Counties’ voting power won’t change at virtual GAA Congress

Cork and Dublin’s one vote will count for 10, due to the high number of registered clubs in each county, with the smallest counties having four
Counties’ voting power won’t change at virtual GAA Congress

As GAA president-elect Larry McCarthy and John Costigan step down as GAA trustees, voting is already underway to decide who will take their positions on Management Committee after special provisions were put in place to make it a mail ballot

Each county delegation will be represented by one person at virtual GAA Annual Congress this Saturday.

However, their vote will carry the same weight as a regular Congress meaning. That means the likes of Cork and Dublin’s one vote will count for 10, due to the high number of registered clubs in each county, with the smallest counties having four.

In most cases, either a county chairperson or secretary will carry out the voting on behalf of their delegation.

Unless they have been mandated to do otherwise, there would appear to be strong support among them to introduce the one-year experiment to tackle cynicism in hurling.

Counties also have Central Council delegates who will be directed to vote for the motions the body have rubberstamped such as the eight playing rules changes, which includes the disbanding of the maor foirne role, a tweak to the advantage rule, and the concussion substitute.

Last April’s Special Congress, which gave emergency powers to Management Committee during the pandemic, featured 67 delegates, including 32 representing Irish counties and 14 from overseas.

Among others entitled to vote are the Gaelic Players Association (one vote) and past presidents — Aogán Farrell, Liam O’Neill, Christy Cooney, Nickey Brennan, Seán Kelly, Seán McCague, Peter Quinn, and Dr Mick Loftus.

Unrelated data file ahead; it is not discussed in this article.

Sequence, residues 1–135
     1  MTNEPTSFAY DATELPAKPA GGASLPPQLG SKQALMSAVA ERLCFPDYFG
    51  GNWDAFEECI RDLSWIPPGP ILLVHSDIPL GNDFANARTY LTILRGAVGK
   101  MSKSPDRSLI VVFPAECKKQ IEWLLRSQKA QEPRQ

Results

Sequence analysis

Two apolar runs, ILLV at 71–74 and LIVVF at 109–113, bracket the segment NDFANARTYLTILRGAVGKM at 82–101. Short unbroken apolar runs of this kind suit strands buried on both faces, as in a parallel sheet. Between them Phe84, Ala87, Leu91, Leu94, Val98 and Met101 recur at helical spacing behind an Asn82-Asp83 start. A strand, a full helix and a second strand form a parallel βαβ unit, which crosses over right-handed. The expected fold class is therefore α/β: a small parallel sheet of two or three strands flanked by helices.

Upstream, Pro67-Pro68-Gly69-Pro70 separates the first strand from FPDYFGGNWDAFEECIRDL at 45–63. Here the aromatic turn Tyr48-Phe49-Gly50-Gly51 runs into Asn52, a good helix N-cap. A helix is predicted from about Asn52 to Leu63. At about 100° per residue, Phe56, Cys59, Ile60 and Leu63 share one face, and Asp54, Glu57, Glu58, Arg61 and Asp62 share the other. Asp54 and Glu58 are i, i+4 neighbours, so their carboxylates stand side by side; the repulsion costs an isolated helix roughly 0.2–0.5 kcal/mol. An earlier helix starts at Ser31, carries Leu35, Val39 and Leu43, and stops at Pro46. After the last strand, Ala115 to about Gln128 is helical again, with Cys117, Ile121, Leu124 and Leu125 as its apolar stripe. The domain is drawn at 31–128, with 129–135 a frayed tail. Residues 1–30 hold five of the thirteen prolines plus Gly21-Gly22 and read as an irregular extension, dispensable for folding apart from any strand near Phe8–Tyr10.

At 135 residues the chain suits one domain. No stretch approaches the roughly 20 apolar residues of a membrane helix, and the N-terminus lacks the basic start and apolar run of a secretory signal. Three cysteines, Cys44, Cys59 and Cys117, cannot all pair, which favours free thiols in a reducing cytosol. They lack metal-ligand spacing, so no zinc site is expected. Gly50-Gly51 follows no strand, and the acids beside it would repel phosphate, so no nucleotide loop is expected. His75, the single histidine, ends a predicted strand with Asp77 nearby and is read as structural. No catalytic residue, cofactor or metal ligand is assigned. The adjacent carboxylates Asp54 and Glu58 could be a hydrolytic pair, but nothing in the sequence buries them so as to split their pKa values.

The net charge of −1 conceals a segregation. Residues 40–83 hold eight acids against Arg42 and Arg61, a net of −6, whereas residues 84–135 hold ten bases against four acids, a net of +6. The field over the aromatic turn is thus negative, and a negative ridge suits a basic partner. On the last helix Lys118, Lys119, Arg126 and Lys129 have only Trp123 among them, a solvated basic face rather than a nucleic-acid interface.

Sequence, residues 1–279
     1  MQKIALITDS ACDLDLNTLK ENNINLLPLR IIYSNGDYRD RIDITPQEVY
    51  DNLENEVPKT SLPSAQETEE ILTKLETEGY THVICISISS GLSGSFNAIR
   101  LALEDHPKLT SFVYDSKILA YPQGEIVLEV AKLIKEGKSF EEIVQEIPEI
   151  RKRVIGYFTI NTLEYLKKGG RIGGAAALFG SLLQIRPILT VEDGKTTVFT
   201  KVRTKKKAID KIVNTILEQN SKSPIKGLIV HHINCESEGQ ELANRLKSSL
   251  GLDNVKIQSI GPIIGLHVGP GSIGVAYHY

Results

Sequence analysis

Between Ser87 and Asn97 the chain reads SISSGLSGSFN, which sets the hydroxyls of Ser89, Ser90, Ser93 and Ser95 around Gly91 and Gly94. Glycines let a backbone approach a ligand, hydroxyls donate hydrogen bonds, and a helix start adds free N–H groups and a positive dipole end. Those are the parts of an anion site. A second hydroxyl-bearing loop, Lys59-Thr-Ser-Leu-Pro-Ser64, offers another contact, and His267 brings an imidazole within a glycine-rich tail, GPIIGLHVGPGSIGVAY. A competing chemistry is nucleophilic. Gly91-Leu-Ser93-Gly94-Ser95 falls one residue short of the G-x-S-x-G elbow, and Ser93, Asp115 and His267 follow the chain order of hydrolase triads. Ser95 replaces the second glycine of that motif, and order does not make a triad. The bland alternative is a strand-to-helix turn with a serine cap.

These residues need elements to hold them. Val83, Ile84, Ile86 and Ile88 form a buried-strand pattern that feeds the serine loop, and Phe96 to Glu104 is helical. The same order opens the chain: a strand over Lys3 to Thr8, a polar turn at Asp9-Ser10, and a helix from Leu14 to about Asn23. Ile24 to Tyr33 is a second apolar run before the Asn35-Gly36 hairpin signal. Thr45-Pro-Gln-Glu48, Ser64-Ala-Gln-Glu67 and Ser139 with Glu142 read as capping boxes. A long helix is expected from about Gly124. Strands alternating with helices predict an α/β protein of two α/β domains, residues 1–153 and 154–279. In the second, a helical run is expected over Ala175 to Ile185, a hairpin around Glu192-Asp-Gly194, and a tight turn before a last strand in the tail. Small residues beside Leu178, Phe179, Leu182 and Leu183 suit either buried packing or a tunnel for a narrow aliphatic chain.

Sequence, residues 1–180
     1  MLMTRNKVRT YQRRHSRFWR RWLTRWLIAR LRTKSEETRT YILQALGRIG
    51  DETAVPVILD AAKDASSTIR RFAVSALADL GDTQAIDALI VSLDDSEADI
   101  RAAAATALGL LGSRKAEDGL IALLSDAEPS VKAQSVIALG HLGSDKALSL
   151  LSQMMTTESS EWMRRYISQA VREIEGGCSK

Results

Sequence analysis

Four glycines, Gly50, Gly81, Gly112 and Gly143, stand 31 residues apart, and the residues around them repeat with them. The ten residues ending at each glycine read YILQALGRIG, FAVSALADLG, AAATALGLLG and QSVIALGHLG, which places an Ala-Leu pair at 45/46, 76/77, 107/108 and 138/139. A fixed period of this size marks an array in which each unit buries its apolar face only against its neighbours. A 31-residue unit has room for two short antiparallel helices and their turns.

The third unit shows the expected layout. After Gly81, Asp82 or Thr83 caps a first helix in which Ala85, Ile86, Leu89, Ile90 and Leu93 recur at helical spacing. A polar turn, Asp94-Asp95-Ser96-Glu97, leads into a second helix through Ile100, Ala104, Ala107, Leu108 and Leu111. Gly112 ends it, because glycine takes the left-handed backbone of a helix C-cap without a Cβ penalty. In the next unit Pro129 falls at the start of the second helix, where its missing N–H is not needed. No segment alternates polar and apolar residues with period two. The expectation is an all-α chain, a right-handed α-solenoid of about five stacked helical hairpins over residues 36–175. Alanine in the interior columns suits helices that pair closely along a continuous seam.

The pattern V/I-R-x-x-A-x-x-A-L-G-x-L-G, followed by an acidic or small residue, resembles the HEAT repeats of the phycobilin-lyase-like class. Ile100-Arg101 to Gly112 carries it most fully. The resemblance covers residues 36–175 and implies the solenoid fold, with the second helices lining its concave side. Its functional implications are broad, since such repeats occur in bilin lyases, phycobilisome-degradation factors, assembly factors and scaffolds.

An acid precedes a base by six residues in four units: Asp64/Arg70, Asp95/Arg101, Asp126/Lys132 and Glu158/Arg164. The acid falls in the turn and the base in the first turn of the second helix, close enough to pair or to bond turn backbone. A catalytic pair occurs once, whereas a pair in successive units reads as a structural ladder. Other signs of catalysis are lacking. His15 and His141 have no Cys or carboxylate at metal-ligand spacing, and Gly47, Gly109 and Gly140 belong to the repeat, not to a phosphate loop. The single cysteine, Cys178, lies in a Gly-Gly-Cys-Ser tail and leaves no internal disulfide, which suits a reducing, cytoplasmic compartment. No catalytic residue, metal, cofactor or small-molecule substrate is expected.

As GAA president-elect Larry McCarthy and John Costigan step down as GAA trustees, there are four candidates looking to take their positions on Management Committee — former Clare and Munster chairman Robert Frost, ex-Ulster chair Michael Hasson (Antrim), former Kerry Central Council delegate and treasurer John Joe O’Carroll, and outgoing Central Competitions Control Committee chair and ex-Kilkenny chair and secretary Ned Quinn.

The voting is already underway after special provisions were put in place by Management Committee to make it a mail ballot. Delegates have until Thursday for their votes to count, with the result of the counts announced on Saturday morning.

Meanwhile, the advertisement for the job of GPA chief executive has been published.

With a closing date of March 8, Lincoln Recruitment, who outgoing GPA CEO Paul Flynn previously worked with, have been charged with helping to find his replacement.

“The organisation is seeking to appoint a CEO with the drive and vision to lead the organisation through an exciting next phase of development,” it reads and continues: “The successful candidate will inspire confidence, while always representing the members’ best interests.”

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